American pioneer, John Chapman (ca 1775-1847) was popularly known as "Johnny Appleseed." He brought apple seeds from Pennsylvania and planted them in the Midwest. It is said that he would travel hundreds of miles to prune his orchards, which were scattered through the wilderness.
Chapman's parentage and the exact time and place of his birth have not been discovered. It is generally inferred that he was born in 1775, either in Boston or Springfield, Massachusetts. All that is known of his boyhood is that he had a habit of wandering away on long trips in quest of birds and flowers. His first recorded appearance in the Middle West was in 1800 or 1801, when he was seen as he drifted down the Ohio past Steubenville, in an astonishing craft consisting of two canoes lashed together and freighted with decaying apples brought from the cider presses of western Pennsylvania.
It is claimed that Chapman's first nursery was planted two miles down the river, and another up Licking Creek. Although he returned frequently to Pennsylvania for more apple seeds, by 1810 Chapman appears to have made Ashland County, Ohio, his center of activity, living some of the time in a cabin with his half-sister, near Mansfield. It is said that he would travel hundreds of miles to prune his orchards scattered through the wilderness. His price for an apple sapling was a "fip penny bit," but he would exchange it for old clothes or a promissory note which he never collected.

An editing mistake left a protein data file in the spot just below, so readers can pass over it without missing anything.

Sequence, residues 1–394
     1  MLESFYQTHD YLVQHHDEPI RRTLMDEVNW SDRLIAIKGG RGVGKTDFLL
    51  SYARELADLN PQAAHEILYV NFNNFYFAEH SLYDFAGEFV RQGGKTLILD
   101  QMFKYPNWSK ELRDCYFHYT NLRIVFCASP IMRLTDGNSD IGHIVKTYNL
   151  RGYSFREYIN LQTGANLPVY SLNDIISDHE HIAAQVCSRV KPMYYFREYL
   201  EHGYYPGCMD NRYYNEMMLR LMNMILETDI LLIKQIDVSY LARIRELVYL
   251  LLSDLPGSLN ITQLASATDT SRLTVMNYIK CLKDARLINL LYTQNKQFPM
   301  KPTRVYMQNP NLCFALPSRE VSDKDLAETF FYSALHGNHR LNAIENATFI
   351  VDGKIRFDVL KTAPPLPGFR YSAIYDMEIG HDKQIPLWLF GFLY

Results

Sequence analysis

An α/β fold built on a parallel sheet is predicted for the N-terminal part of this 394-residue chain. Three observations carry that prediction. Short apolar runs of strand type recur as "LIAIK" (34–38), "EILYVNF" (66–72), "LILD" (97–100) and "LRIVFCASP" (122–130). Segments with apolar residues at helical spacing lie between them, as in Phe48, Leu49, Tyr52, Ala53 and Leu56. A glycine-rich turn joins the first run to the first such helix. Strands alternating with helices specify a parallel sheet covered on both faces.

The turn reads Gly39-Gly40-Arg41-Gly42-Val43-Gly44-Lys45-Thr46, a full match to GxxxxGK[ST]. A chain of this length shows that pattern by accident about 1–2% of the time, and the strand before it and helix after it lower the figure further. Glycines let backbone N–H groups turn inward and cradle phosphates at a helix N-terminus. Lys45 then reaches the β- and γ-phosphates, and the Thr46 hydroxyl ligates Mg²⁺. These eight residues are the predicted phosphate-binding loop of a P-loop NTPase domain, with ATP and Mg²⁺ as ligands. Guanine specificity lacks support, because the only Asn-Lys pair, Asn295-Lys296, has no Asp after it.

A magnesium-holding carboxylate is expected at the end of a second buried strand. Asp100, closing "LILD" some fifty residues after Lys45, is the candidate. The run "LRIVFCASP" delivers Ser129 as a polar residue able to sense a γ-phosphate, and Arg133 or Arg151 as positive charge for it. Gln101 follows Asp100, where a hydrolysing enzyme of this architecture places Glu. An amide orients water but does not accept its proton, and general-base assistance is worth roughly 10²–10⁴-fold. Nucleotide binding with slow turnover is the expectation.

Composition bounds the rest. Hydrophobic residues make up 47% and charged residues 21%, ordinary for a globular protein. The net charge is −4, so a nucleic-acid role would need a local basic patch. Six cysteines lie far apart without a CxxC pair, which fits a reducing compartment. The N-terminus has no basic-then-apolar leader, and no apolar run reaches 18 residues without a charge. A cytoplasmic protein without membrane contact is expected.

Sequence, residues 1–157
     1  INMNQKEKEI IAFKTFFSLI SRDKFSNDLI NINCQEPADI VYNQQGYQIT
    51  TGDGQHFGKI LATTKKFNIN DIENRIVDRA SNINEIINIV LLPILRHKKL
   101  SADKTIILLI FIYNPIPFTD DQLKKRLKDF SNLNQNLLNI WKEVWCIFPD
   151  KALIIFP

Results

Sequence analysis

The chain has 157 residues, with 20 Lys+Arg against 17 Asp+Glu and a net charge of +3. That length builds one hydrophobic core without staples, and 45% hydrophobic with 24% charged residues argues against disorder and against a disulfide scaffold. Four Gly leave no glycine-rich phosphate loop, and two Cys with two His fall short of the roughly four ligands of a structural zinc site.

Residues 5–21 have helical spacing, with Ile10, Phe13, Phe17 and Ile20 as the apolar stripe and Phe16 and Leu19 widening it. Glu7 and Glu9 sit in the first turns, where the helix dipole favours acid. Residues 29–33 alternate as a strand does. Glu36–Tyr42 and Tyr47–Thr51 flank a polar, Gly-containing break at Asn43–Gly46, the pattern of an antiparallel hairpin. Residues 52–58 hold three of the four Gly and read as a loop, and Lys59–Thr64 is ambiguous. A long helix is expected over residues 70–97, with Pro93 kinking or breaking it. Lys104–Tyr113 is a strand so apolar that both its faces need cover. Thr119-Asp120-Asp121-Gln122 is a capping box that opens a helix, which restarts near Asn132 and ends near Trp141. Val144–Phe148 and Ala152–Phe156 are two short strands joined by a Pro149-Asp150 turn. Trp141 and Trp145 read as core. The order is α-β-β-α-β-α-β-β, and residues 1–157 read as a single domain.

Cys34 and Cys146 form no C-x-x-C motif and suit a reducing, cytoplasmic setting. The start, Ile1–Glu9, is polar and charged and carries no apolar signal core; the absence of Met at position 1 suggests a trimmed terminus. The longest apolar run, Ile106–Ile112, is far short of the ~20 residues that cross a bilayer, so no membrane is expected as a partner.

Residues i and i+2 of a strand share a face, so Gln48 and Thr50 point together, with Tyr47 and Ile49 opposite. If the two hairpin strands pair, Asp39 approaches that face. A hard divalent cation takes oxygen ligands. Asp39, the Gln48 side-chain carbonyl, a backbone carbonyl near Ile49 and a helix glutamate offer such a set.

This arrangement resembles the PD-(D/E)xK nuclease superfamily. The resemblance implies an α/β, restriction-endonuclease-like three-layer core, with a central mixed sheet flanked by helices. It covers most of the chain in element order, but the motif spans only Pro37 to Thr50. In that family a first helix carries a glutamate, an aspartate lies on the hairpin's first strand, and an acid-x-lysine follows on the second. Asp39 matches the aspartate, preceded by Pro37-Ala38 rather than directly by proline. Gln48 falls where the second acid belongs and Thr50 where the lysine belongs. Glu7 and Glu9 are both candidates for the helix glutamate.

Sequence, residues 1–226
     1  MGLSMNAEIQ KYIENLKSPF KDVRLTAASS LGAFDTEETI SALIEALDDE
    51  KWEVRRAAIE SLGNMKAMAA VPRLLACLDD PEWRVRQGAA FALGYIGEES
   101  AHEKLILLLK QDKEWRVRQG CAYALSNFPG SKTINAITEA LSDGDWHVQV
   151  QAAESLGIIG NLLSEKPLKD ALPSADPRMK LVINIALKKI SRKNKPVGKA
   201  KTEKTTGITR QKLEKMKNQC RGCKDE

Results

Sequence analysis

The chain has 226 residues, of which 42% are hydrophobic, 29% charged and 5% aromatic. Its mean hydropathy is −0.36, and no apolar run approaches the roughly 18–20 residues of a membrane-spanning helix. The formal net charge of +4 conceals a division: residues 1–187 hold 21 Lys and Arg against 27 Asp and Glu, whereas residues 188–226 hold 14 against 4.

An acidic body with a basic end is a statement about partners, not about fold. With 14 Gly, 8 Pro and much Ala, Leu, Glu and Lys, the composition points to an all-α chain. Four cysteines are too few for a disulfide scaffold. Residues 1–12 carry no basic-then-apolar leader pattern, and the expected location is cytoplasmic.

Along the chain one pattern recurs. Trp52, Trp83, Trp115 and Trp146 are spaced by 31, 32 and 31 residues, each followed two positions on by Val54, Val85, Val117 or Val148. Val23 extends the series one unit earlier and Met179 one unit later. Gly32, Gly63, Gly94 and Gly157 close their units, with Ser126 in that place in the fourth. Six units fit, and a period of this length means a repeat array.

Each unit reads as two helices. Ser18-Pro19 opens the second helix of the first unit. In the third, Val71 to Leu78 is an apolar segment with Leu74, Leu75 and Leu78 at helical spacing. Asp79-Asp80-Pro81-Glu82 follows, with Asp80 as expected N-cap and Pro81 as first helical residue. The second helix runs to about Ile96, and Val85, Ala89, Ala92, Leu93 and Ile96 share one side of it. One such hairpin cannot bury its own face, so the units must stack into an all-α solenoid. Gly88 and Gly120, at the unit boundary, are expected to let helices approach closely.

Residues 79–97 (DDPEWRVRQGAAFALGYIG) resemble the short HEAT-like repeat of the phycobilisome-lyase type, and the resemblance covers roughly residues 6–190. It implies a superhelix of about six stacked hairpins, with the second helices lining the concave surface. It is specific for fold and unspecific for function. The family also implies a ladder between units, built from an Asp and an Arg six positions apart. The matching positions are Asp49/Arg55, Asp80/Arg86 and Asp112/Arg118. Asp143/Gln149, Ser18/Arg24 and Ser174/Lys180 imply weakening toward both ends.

Wherever he went, Chapman read aloud to any who would listen from the works of Emanuel Swedenborg, or the Bible. Lying on the floor and rolling forth denunciations in tones of thunder, he came to be accepted as a sort of Border saint. The stories of his quixotic kindness to animals, even to insects and rattlers that bit him, are characteristic of the growth of a folk legend. Indians regarded him as a great medicine man; he did indeed scatter the seeds of many reputed herbs of healing, such as catnip, rattlesnake weed, hoarhound, pennyroyal, and, unfortunately, the noxious weed dog-fennel which he believed to be anti-malarial.
In 1812, when the Indians around Mansfield were incited by the British to attacks upon the American frontier settlements, Chapman volunteered to speed through the night to Mt. Vernon, Ohio, to get help from Capt. Douglas, warning many lonely homesteads on the way. This incident is authenticated; there is a wider tradition that he traversed much of northern Ohio apprising settlers of the surrender of the American forces under Hull at Detroit and of the imminence of Indian massacres. The most famous tale about him is of a pharisaical minister who demanded from the pulpit, "Where is the man who, like the primitive Christian, walks toward heaven barefoot and clad in sackcloth?" "Johnny Appleseed," clad in short ragged trousers and a single upper garment of coffee sacking with holes cut for head and arms, barefoot, with a tin mush pan on his head for a hat, approached the pulpit, saying, "Here is a primitive Christian!"